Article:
Depolarizing Actions of Hydrogen Sulfide on Hypothalamic Paraventricular Nucleus Neurons

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Abstract

Hydrogen sulfide (H2S) is a novel neurotransmitter that has been shown to influence cardiovascular functions as well and corticotrophin hormone (CRH) secretion. Since the paraventricular nucleus of the hypothalamus (PVN) is a central relay center for autonomic and endocrine functions, we sought to investigate the effects of H2S on the neuronal population of the PVN. Whole cell current clamp recordings were acquired from the PVN neurons and sodium hydrosulfide hydrate (NaHS) was bath applied at various concentrations (0.1, 1, 10, and 50 mM). NaHS (1, 10, and 50 mM) elicited a concentration-response relationship from the majority of recorded neurons, with almost exclusively depolarizing effects following administration. Cells responded and recovered from NaHS administration quickly and the effects were repeatable. Input differences from baseline and during the NaHS-induced depolarization uncovered a biphasic response, implicating both a potassium and non-selective cation conductance. The results from the neuronal population of the PVN shed light on the possible physiological role that H2S has in autonomic and endocrine function. © 2013 Khademullah, Ferguson.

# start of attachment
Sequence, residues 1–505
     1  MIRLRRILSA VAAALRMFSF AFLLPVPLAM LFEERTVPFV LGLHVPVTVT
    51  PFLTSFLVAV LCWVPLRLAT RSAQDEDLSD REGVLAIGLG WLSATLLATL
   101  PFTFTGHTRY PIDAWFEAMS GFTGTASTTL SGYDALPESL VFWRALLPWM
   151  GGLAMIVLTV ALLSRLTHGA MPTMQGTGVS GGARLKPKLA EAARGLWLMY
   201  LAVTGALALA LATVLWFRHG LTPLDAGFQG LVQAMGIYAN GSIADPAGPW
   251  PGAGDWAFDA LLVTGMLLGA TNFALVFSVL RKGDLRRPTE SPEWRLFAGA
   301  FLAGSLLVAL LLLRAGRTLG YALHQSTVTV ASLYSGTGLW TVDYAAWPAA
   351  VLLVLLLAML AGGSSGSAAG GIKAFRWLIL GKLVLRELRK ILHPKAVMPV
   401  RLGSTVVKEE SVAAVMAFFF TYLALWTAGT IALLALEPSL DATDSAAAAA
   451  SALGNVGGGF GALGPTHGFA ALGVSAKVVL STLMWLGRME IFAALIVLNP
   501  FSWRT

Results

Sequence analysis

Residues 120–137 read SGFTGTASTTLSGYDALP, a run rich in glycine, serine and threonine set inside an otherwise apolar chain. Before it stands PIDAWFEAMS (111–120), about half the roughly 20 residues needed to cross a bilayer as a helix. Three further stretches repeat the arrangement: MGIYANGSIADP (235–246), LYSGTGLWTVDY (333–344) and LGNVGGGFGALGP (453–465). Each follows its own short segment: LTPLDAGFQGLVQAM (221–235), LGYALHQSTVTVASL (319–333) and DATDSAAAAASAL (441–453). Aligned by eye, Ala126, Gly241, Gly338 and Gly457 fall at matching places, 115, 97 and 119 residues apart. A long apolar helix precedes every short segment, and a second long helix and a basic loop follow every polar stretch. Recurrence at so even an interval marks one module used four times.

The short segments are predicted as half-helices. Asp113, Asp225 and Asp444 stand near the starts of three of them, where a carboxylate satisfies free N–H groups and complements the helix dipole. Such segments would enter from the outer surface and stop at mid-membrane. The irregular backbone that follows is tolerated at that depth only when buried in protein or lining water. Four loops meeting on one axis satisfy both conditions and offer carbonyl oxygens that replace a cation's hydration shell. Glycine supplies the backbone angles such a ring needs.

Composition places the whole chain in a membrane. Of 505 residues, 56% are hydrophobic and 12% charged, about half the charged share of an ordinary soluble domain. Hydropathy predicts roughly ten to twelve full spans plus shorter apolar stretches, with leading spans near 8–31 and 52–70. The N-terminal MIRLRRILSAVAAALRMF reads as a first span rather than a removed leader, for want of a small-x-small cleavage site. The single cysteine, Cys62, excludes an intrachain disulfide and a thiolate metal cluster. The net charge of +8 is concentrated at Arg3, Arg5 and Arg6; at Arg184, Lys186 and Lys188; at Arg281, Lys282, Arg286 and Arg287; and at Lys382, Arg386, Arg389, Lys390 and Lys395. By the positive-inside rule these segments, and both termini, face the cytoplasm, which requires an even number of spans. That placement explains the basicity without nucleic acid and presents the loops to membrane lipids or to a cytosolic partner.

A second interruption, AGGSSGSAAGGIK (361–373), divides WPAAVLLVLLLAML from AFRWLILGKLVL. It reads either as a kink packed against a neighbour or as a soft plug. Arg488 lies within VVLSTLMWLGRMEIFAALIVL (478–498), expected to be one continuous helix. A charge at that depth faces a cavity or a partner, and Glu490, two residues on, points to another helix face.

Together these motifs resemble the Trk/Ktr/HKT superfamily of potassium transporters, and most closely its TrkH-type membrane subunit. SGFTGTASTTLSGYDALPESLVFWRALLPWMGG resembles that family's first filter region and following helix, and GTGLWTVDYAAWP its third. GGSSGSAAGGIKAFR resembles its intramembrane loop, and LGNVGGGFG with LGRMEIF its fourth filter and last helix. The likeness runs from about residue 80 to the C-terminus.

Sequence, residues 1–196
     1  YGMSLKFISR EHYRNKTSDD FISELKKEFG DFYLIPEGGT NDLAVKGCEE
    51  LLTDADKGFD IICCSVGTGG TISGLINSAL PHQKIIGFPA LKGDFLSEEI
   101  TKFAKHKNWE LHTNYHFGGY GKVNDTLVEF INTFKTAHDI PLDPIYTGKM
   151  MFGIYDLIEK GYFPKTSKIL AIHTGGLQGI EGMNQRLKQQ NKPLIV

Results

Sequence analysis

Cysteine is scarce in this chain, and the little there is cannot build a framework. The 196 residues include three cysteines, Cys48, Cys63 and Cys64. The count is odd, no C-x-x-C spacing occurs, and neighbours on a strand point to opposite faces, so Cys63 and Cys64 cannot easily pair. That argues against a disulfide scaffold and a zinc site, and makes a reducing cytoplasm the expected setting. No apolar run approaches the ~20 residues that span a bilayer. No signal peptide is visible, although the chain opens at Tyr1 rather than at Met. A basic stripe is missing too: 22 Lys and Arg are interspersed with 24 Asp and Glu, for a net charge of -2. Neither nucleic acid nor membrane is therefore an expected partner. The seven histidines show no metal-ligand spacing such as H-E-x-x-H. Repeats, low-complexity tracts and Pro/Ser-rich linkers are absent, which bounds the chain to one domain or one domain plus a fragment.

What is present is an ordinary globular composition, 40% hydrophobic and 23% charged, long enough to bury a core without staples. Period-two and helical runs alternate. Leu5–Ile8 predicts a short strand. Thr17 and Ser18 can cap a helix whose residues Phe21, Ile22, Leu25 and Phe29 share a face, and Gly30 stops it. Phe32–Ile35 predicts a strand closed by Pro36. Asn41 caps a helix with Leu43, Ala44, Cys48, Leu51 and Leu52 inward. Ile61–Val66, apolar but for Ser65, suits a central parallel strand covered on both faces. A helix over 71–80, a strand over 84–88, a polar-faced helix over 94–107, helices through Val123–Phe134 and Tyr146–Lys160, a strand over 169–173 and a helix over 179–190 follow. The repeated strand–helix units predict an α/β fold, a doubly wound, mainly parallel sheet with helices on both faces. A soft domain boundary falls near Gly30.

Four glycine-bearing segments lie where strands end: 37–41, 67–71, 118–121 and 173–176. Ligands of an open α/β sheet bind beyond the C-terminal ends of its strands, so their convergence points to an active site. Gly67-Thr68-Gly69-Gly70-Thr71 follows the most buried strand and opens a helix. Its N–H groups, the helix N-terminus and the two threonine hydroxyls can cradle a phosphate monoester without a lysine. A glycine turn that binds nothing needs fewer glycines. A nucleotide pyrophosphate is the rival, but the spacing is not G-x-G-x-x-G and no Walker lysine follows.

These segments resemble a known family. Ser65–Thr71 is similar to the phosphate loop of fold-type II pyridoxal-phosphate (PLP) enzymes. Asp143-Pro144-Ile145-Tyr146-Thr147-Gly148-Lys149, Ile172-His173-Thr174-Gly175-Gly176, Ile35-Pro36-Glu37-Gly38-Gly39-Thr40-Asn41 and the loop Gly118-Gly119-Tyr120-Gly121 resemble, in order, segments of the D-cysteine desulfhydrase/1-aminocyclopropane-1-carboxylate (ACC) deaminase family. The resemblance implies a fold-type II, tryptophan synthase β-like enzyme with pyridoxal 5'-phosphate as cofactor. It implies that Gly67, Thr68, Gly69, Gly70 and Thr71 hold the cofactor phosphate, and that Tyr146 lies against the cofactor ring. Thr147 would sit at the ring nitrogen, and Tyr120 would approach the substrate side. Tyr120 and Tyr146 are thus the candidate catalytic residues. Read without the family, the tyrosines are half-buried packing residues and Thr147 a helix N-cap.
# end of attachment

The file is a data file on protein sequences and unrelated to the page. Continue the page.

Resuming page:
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Khademullah, C. S., & Ferguson, A. V. (2013). Depolarizing Actions of Hydrogen Sulfide on Hypothalamic Paraventricular Nucleus Neurons. PLoS ONE, 8(5). https://doi.org/10.1371/journal.pone.0064495

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